Sistine Chapel

The Sistine Chapel is part of the Vatican Museums. It was built during the papacy of Sixtus IV between 1477 and 1480 on the walls of an earlier court chapel and is used for papal ceremonies and the conclave. Artists from Florence and Umbria were commissioned to paint the murals under the windows in the early phases of construction. If you look towards the altar, you can see a cycle on the left-hand wall depicting Moses.

From right to left you find:

1. Moses with his Wife in Egypt; The Circumcision of their Son (Perugino and Pinturicchio).

2. The Burning Bush; The Encounter with the Daughters of Jethro; The Murder of the Egyptian (Botticelli).

3. The Israelites Crossing the Red Sea (Rosselli).

4. Moses Receiving the Ten Commandments; The Dance around the Golden Calf (Rosselli).

5. The Punishment of the Followers of Korah (Botticelli).

6. The Sermon and Death of Moses (Signorelli).

The Christ cycle unfolds from left to right on the wall on the right (from the altar to the back wall):

1. The Baptism of Christ (Perugino and Pinturicchio).

2. The Cleansing of the Leper and Temptation of Christ (Botticelli)

3. The Calling of Andrew and Peter (Perugino).

4. The Sermon on the Mount (Rosselli).
5. The Handing Over of the Keys (Perugino).

6. The Last Supper (Rosselli).

Only in 1508 did Julius II commission Michelangelo to paint the roof of the Sistine Chapel. Over a period of four years, Michelangelo, a talented sculptor who would now prove his genius as a painter, created a cycle of frescoes which remain unique to this day. For the first time in the history of painting, works covering an enormous area of 800 square meters were painted in such a way that each fresco formed a harmonious unity with the building.

Scenes in this cycle tell the story of Genesis: The Separation of Light and Darkness; God Creating the Planets; God Separating Land and Sea and Creating Life; The Creation of Adam; The Creation of Eve from Adam’s Rib; The Fall and Expulsion from Paradise; Noah’s Sacrifice; The Deluge; and, finally, Noah’s Drunkenness.

Michelangelo completed the frescoes in reverse chronological order, beginning with Noah’s drunkenness and finishing with the creation of the world. You can see how his style changed as he progressed: his figures become larger and larger, while narrative techniques are scaled down to an absolute minimum. Whereas the Noah legend is depicted by Michelangelo through small figures with an extraordinary fascination for detail, by the time he reached The Fall (possibly even earlier), the narrative had been pared down to just a few poignant motifs, such as the imminent touch of the fingers of God and Adam in The Creation of Adam. The juxtaposition of God’s tumultuous tension and Adam’s almost exhausted calm creates two different energy poles. You can almost see sparks flying between the most famous pair of fingers the world has ever known. As Michelangelo progresses, the more monumental his portrayal of bodies becomes, culminating in Jonah (above The Last Judgement). The technique is also illustrated by the prophets and Sibyls who sit in the lower section of the vault.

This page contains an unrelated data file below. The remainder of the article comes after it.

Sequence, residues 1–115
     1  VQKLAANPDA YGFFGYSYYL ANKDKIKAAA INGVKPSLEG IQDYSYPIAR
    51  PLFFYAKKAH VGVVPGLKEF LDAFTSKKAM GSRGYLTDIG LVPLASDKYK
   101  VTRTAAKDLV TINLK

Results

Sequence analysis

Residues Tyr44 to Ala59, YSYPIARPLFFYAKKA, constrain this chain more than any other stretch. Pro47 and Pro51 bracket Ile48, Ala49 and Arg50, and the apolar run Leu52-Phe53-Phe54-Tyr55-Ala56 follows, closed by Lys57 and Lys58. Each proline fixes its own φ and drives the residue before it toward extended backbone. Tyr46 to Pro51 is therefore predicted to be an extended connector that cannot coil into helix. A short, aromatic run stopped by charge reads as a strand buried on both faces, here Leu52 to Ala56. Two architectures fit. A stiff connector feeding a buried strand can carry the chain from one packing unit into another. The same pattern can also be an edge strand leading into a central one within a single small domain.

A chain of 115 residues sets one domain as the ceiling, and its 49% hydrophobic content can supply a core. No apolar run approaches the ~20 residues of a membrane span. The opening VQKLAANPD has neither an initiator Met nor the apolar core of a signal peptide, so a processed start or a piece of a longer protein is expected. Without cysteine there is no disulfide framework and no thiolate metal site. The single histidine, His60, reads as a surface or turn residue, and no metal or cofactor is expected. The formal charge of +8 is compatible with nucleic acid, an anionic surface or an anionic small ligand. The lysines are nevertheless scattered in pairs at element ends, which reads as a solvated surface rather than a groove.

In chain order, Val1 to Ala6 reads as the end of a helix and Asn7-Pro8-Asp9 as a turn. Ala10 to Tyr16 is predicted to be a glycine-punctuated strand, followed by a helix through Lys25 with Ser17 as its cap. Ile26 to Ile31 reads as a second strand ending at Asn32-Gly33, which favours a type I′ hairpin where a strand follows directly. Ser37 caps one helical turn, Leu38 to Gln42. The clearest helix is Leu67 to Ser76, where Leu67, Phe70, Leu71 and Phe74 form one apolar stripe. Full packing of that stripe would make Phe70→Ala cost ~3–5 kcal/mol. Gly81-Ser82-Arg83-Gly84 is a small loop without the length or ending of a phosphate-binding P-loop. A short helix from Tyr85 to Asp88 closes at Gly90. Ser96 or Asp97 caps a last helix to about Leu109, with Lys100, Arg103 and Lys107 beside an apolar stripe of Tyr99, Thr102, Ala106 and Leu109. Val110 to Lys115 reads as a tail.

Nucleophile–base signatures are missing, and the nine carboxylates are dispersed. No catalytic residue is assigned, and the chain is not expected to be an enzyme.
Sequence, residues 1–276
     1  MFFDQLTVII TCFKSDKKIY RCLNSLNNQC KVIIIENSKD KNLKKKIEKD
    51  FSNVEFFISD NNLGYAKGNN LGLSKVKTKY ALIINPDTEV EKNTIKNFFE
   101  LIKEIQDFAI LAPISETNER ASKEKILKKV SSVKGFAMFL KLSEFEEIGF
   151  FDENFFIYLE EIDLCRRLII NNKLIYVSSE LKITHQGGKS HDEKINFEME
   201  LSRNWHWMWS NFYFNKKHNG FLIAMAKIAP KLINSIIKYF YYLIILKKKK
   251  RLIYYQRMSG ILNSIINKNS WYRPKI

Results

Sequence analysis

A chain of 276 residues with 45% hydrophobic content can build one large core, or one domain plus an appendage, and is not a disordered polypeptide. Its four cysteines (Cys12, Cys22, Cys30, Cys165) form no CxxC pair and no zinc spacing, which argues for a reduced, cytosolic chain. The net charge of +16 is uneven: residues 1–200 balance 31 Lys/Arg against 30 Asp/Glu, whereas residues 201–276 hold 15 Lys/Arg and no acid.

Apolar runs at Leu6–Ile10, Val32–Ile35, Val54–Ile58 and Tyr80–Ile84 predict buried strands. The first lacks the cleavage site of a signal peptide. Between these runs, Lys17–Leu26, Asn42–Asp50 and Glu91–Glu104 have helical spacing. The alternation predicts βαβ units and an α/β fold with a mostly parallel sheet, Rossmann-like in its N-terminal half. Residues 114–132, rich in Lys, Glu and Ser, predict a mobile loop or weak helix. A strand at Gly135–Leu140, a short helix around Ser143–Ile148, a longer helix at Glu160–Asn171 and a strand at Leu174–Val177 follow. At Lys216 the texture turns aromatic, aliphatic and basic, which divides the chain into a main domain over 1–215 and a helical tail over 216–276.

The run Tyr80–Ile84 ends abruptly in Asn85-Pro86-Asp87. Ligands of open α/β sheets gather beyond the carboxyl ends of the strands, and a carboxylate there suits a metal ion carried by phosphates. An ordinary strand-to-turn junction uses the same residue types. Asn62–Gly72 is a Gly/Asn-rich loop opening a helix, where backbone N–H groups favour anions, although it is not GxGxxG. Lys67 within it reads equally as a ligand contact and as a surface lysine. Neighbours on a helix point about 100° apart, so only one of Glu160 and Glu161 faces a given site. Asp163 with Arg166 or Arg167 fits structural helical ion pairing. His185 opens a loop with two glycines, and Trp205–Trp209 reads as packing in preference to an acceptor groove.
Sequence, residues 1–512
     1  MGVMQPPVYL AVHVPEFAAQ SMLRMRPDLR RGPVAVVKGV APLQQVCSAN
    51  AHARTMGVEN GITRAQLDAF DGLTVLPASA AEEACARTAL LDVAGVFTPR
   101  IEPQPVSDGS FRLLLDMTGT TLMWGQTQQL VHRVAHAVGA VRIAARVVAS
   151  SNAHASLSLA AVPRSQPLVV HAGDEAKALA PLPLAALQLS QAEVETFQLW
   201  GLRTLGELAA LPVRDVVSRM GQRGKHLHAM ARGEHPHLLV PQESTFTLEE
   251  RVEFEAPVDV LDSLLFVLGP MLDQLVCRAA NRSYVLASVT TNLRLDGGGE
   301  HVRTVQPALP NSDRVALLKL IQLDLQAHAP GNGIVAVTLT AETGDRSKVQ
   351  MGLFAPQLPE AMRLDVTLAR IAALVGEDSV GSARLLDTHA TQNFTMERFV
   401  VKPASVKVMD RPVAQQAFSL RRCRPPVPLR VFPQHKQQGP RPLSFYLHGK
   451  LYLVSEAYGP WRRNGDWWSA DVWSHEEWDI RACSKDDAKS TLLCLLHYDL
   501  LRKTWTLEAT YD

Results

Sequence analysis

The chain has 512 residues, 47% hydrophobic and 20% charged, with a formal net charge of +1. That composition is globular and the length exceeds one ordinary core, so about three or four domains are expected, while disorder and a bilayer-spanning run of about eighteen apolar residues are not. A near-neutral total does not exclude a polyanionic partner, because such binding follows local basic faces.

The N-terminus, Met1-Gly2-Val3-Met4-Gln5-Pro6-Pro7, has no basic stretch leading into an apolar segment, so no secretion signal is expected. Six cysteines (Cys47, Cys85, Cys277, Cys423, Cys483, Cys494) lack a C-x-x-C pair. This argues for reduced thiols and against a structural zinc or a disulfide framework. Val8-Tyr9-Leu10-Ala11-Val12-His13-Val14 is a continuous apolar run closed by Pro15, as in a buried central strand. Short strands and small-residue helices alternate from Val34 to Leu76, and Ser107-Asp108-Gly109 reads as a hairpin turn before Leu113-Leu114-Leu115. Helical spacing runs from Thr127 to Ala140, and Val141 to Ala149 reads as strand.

In 1534, 22 years after painting the ceiling, Michelangelo was commissioned to decorate the altar with The Last Judgement. Until that time, the scene had usually been depicted through a clear arrangement of surface. Michelangelo broke with tradition by telling the story of the last day through a dramatic whirl of events. The scene rises up from the lower left-hand side in a continuous flow that starts at the resurrection of the dead, swirls around Christ in the upper central portion and descends into hell with the condemned on the bottom right. The whirl is created by a myriad of bodies which appear to contort into different poses. Christ, accompanied by his heavenly bride Mary, who reverently nestles up to the Holy One, fervently casts judgement on Good and Evil. Even the saints huddling around him shudder in fear of the decision, illustrated by Peter and Paul standing on his left and right respectively, and Lawrence and Bartholomew on the left and right at his feet. They await Christ’s gesture spellbound. The condemned fall away to the right towards hell, trembling and tortured by the horror. Charon, the ferryman, is already waiting to carry them across the River Styx into the underworld. Through his grandiose portrayal of 391 bodies, Michelangelo anticipated the arrival of Baroque styles of painting.

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